A New York professor has sparked a debate among educators over whether or not algebra is too hard and should be dropped from the curriculum.
Political scientist Andrew Hacker of Queens College in New York insists the difficulty of learning algebra is responsible for a higher dropout rate when students find they can’t grasp the discipline. The course should be excluded, Hacker says, because the math is just too hard for students today.
“One out of 5 young Americans does not graduate from high school. This is one of the worst records in the developed world. Why? The chief academic reason is they failed ninth-grade algebra,” Hacker says in his new book The Math Myth and Other STEM Delusions.
The Queens College professor emeritus says only about five percent of jobs have any use for algebra and other advanced maths, so teaching higher math is both a waste of time and causes actual damage to graduation rates.
“At the very time we should be honing and sharpening quantitative reasoning skills we punch students into algebra, geometry, calculus. The Math People take over and ignore much simpler needs. Arithmetic is super essential — we quantify everything,” Hacker told The New York Times.
Hacker went on to note that 57 percent of CUNY students failed basic algebra, “And this is getting worse with the Common Core,” he added.
Proponents of continuing to teach algebra, though, discount Hacker’s claims. Bill McCallum, a professor at the University of Arizona who helped create the math standards for Common Core, said that while it may be true few will go on to use algebra on the job, the skill should be taught anyway because “we don’t know which kids” will need the skill and which won’t.
Another top educator, Philip Uri Treisman, a professor of mathematics and of public affairs at the University of Texas, said teaching algebra also helps train students in other ways, even if they don’t use the math later on in their careers.
“Every study I’ve ever seen of workers in whole bunches of fields shows that you have to understand formulas, you have to understand relationships,” Treisman said. “Algebra is the tool for consolidating your knowledge of arithmetic.”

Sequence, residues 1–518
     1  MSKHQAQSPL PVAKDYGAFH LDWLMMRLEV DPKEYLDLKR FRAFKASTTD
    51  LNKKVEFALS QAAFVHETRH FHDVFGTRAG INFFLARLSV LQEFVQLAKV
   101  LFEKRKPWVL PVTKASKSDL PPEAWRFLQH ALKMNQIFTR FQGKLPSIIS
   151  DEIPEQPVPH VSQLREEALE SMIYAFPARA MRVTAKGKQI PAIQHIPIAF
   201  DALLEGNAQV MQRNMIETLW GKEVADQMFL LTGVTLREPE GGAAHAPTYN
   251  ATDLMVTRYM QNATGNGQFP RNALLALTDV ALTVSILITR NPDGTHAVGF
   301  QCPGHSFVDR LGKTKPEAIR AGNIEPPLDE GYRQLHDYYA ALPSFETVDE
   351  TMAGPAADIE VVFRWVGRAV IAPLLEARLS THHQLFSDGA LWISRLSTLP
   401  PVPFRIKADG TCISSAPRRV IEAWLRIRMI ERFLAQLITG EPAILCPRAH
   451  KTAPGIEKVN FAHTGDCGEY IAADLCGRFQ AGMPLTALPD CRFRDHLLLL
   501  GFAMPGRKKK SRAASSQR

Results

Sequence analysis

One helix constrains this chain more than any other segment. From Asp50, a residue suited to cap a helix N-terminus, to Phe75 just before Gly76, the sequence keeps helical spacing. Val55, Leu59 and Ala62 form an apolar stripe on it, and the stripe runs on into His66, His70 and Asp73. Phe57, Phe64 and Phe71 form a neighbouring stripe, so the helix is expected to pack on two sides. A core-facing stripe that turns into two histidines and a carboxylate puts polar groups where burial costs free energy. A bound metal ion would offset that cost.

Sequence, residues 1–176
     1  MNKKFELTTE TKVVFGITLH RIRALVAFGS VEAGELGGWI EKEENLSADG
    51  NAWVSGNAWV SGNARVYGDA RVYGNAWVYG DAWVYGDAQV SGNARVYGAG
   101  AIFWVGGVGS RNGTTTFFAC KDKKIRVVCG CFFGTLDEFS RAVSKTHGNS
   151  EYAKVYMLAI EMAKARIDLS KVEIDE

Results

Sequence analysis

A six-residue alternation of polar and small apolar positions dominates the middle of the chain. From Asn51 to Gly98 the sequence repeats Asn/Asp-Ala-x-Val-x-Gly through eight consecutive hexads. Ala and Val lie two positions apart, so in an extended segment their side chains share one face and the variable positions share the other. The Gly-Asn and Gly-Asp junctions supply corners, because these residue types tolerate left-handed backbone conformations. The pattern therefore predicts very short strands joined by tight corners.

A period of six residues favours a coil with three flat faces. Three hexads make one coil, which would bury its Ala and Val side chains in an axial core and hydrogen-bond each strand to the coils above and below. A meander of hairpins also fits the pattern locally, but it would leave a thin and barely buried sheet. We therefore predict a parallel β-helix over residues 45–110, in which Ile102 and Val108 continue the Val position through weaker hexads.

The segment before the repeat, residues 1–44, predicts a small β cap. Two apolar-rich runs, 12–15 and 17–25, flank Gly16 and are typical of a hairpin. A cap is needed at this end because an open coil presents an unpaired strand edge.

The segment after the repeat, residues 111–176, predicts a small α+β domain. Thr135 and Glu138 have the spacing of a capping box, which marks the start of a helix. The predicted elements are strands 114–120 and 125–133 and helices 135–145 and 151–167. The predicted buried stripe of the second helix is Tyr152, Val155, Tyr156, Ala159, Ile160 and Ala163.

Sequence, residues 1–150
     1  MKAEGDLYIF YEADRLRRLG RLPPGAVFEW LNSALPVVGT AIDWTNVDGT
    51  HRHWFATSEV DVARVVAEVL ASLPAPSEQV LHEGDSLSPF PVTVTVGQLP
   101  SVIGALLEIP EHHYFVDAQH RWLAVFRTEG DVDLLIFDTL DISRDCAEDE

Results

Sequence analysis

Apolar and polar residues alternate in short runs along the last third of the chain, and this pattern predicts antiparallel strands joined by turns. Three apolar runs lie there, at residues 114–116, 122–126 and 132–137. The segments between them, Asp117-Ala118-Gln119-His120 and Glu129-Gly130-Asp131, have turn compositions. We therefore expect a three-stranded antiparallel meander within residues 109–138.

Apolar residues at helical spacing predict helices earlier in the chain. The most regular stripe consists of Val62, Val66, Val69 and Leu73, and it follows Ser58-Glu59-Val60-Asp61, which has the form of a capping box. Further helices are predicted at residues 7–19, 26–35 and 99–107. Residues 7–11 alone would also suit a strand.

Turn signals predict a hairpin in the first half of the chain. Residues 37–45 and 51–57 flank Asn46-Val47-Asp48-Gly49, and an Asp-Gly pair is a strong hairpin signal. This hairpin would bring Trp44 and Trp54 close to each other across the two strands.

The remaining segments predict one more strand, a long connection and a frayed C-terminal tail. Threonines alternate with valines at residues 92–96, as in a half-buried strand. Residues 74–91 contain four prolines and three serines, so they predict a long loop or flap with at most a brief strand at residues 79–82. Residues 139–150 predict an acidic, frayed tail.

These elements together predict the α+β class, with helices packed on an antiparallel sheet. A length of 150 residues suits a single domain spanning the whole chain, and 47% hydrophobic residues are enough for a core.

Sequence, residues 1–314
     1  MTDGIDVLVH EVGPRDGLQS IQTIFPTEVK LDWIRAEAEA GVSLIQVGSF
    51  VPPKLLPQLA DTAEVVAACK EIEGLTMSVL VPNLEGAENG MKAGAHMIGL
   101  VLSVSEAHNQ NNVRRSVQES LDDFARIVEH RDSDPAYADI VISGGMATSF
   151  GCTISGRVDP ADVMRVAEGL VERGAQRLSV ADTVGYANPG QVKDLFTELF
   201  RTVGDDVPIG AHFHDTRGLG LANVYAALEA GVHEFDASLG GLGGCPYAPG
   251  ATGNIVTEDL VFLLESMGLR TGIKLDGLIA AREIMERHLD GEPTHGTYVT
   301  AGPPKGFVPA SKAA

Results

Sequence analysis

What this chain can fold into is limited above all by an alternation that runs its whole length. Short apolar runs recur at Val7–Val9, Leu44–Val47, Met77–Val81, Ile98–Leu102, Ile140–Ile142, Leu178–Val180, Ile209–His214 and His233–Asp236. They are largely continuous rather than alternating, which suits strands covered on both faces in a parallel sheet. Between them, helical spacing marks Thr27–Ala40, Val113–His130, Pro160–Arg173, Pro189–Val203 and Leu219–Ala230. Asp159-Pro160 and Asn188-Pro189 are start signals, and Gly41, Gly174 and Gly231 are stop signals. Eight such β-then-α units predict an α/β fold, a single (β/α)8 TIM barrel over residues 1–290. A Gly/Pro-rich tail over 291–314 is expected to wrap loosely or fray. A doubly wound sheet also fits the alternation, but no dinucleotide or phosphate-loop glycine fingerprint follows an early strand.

But other educators essentially agree with Hacker.
Karon Klipple, a project director for the Carnegie Foundation for the Advancement of Teaching, also noted too many students are dropping out of college because algebra is too hard. Klipple claimed that between 60 and 80 percent of students who drop out do so because the math requirements are too hard.
“This is where their hopes and aspirations go to die,” Klipple told the Associated Press. “They’re in college to try to make a better life for themselves, and they’re stopped by mathematics.”
The problem seems widespread. Last year The Washington Post reported that three out of four high schoolers in Maryland failed Algebra 1 and fn 2014 it was reported that 100,000 students in Arizona failed the state’s mandated math testing.
Professor Hacker also went on to say the ACT and SAT testing kids go through is also useless for job skills and contributes to lower graduation statistics.
“On the whole, I’d be happy if the ACT and SAT quietly disappeared,” he told the Times. “Speed may be necessary for firefighters and airline pilots. But not in the intellectual enterprise. And yet, on many fronts, test scores in math provide an edge for awards and admissions.”
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